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Julieanne Fleming

Technology Manager, Systems Engineering, Deloitte

The professional services industry offers a number of roles for women in technology — backed up with initiatives that promote and support their career progression.

These days, it’s not enough for companies to say they are championing and supporting their female employees. They must actively demonstrate their passion for doing so. If they can’t, new applicants simply won’t take them seriously, and look to join an organisation that can.

“Companies have to show what they are doing to make their people feel valued and fulfilled,” says Julieanne Fleming, Technology Manager, Systems Engineering with business and professional services network, Deloitte.

She points to a number of concrete support initiatives for Deloitte female staff, including its Women’s Initiative Network (WIN) — which, among other aims, seeks to advance more women into leadership roles — and mentorship and training schemes that advocate continuous learning and career progression.

More recently, Deloitte joined Connecting Women in Technology (CWIT), a network of tech companies in Ireland that collaborate to inspire more girls into STEM and to promote more women in the technology sector.

As a senior leader, part of Fleming’s role is to support the female talent on her team and ensure they receive the best career opportunities. “I get tremendous satisfaction from helping individuals overcome challenges and seeing them develop,” she says.

I suppose I thought a tech career would be lonely because I’d be siloed — but that’s not the case at all. It’s also a very creative environment.

Making an impact by leveraging technology

Yet when she began her career in technology, Fleming admits she had misconceptions about it. “It was only when I joined the firm’s undergraduate programme that I got a sense of what STEM truly is and what technology consulting could offer me,” she says. “Up to that point I suppose I thought a tech career would be lonely because I’d be siloed — but that’s not the case at all. It’s also a very creative environment. In my current role, I oversee digital transformation projects that enhance user experiences for a variety of clients. You don’t need to have a computer science degree. You can come from any sort of background and practically apply it to a role in consulting, for example.”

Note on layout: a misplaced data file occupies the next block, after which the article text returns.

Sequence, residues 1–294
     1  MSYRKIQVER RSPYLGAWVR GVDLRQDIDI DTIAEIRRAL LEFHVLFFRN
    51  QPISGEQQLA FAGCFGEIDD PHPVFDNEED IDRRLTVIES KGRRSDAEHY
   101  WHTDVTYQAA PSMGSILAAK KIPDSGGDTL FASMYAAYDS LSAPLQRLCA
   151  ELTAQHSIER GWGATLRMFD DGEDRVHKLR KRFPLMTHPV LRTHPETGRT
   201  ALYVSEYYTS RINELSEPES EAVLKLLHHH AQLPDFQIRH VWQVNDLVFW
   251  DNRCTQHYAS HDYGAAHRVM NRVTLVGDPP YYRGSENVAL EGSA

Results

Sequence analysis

In fact, professional services offers a range of high-flying tech career opportunities, notes Fleming. After all, the whole sector is powered by it. “Take cyber-security, which makes sure that services are safe online,” she says. “Or transforming and helping businesses with data analytics. Then there’s system integration, digital strategy, software development and enterprise applications. There are a broad range of clients, too — from FTSE 100 firms to public sector organisations — so projects are many and varied. It’s gratifying to see the tangible impact we can make on a customer through leveraging technology.”

For more information visit: deloitte.ie/careers

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